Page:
Technique Tuesday – Braise, Debone and Simmer
It’s Tuesday, and as such we love to take this day in particular to focus on core cooking and baking terms — #TechniqueTuesday. This is the 4th in our series and today, well, we’re making a pot roast…sort of. The techniques we’re highlighting today, are all part of – or can be part of – creating a great pot roast dinner at home. Today’s terms are Braise, Debone and Simmer. Now, let’s get started.
Braising is a term that culinary students and chefs are familiar with, but home cooks might not be. However, if we use a similar term, such as pot roast, it may ring a bell for most. Braise is a French term that is a combination cooking method using wet and dry heat sources. Simply put, it means to slow cook something in liquid. Do you see where this is going?
This method relies on heat and moisture to break down what is typically an inexpensive cut of meat, like chuck roast, which is the predominant protein used in making a pot roast. Pressure cooking–like popular Instant Pots–and slow cooking (crockpots) employ braising; likely more familiar terms to home cooks.
Typically a chuck roast, which we’re using in our virtual kitchen today, will have a bone in it, as it comes from the shoulder area of the cow. Many cooks like to leave the bone in when braising meat, as it adds extra flavor. The moisture breaks down and tenderizes the meat. However, you can remove the bone if you wish…and this process is called ‘deboning’.
There are definite benefits to deboning meat at home or in a professional kitchen, and not just a beef roast. Deboning also applies to various other types of meat, including chicken.
- Budgetary Needs – Buying meat with the bone in is usually less expensive than those fully butchered. Take for example boneless (and often skinless) chicken breasts. Both home cooks and chefs pay a premium for boneless cuts of meat.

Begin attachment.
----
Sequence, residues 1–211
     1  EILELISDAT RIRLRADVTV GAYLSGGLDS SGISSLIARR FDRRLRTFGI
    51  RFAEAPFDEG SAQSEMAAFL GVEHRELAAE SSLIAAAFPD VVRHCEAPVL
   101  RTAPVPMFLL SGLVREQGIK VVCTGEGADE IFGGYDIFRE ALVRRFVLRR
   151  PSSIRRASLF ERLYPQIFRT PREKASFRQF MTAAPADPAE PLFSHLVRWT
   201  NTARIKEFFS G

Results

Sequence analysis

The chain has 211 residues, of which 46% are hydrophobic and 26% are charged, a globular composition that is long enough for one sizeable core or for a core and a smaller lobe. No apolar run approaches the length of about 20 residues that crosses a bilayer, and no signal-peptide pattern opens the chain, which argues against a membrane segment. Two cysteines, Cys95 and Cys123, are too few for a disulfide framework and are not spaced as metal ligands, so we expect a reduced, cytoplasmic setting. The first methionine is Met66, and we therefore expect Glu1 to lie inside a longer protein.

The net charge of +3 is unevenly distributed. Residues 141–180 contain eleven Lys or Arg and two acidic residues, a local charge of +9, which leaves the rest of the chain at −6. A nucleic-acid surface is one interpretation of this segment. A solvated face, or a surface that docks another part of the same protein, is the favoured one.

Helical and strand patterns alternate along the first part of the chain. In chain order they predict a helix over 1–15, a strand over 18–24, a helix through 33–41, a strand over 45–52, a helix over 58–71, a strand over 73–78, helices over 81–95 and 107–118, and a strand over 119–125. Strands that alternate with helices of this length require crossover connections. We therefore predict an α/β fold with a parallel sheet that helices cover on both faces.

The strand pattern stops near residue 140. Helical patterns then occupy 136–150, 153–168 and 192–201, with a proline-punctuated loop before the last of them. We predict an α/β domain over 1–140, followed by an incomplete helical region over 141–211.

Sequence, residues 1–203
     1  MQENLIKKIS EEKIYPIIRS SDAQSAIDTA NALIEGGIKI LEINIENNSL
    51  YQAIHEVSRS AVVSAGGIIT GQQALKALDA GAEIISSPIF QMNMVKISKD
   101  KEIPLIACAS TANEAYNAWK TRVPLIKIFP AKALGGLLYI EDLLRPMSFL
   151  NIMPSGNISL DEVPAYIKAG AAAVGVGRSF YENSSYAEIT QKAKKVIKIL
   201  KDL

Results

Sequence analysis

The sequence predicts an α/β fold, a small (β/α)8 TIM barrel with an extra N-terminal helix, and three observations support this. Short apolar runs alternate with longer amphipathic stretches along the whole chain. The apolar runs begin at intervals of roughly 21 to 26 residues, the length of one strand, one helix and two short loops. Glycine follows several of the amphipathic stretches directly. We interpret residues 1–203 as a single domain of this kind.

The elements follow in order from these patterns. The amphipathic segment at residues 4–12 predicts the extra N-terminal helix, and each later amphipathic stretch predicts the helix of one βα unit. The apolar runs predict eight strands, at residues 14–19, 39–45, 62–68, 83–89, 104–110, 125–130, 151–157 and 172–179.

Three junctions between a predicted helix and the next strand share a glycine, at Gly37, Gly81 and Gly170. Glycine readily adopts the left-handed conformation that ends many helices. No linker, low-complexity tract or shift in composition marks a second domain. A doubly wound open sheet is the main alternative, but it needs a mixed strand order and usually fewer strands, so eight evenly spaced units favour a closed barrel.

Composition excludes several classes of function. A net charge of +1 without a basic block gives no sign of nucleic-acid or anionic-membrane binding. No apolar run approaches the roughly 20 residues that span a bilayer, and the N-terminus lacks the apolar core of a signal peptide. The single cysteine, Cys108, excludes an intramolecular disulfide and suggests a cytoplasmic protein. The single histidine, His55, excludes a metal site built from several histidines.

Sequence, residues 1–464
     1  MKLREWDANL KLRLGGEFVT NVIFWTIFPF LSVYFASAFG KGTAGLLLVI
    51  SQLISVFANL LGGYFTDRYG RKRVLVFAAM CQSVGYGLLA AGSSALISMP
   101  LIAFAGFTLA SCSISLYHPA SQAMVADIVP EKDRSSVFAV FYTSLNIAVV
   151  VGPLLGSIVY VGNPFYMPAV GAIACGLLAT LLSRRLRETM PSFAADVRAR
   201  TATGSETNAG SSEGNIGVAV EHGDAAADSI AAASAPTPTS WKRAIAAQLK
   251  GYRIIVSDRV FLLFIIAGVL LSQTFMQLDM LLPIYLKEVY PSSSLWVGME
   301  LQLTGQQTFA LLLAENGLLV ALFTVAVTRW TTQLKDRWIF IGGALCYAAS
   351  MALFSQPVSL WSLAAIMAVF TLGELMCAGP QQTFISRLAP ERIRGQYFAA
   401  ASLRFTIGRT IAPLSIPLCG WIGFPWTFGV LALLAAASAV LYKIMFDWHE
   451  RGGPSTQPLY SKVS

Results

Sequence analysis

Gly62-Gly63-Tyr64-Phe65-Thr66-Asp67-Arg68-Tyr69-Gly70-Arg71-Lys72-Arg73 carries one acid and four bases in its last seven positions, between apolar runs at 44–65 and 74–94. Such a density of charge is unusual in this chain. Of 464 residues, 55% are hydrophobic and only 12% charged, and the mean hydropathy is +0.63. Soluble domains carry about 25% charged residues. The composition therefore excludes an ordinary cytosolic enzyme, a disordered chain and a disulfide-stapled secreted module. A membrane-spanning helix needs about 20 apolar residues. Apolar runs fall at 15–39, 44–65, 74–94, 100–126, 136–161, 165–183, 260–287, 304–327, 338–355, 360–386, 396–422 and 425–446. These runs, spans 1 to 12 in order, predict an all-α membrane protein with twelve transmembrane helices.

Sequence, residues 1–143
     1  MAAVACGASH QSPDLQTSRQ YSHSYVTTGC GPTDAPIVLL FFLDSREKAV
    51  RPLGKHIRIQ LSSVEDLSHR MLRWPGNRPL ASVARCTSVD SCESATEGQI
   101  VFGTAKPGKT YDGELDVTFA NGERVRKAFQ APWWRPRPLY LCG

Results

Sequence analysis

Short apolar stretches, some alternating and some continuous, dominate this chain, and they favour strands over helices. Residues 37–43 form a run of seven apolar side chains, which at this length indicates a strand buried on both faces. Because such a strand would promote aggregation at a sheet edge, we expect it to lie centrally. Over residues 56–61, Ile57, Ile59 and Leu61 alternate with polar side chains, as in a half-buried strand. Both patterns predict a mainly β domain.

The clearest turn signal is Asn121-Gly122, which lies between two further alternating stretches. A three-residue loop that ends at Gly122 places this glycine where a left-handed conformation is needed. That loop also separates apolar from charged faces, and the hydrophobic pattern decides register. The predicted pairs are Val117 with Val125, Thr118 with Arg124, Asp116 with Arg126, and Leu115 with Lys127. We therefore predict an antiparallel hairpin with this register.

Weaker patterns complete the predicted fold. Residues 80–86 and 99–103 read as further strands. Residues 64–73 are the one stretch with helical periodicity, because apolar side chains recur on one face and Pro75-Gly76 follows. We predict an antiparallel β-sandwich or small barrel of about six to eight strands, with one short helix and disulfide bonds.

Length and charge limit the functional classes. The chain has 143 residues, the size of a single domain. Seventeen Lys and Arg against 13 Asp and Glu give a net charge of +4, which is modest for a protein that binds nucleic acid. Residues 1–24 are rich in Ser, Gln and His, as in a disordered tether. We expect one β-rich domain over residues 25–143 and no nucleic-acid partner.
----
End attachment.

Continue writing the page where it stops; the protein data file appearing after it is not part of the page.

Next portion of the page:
- Speed of Cooking – Deboning a cut of meat speeds up the cooking process as bones impact heat distribution.
- Carving the Meat – It’s much easier to carve and serve a boneless piece of meat.
- Skills Practice – Deboning allows chefs, and home cooks alike, to practice and advance this skill.
While the meat is the main attraction for our classic pot roast dinner, it isn’t the only food made for braising. Vegetables, particularly those with high water content, are perfect for this cooking method, which is why many add onions, potatoes, carrots and even celery to their pot roast recipes.
The first step to preparing our pot roast in the braising process is searing the surface of the roast, which enhances the dish’s flavor. The meat doesn’t produce enough liquid on its own during the searing process, so additional liquid can be added – at times this can include vinegar, wine, beer, stock, and even tomatoes for an acidic element.
When the pot roast is seared and the desired vegetables are prepared, they’re then simmered until the meat is so tender that it separates with a fork. Simmering is the type of cooking temperature used in braising. The liquid added to the pot cooks at a temperature that is just below boiling but above poaching. Pressure cookers and slow cookers cook by simmering automatically. However, if you are cooking on a stove the way to identify a simmer is when the liquid is moving but not as quickly as a boil and isn’t producing as much steam as boiling. As a part of braising, simmering helps cook the ingredients slower, developing a deep, rich flavor.
When the meat is done, the remaining liquid is oftentimes turned into an accompanying sauce or gravy by adding a few ingredients such as flour, butter, heavy cream, or cornstarch. Many however, love the au jus consistency, as it allows the main ingredients of the dish to shine.
Some other classic dishes that use the braising technique, and may or may not require deboning, are beef brisket, coq au vin, and chicken cacciatore.
To familiarize yourself and practice the techniques mentioned here, check out some of our online cooking classes like Buying Meat and Basic Home Butchery, Perfect Pot Roasting and Slow Cooker Revolution.
If you missed any of the other Technique Tuesday articles you can catch up here: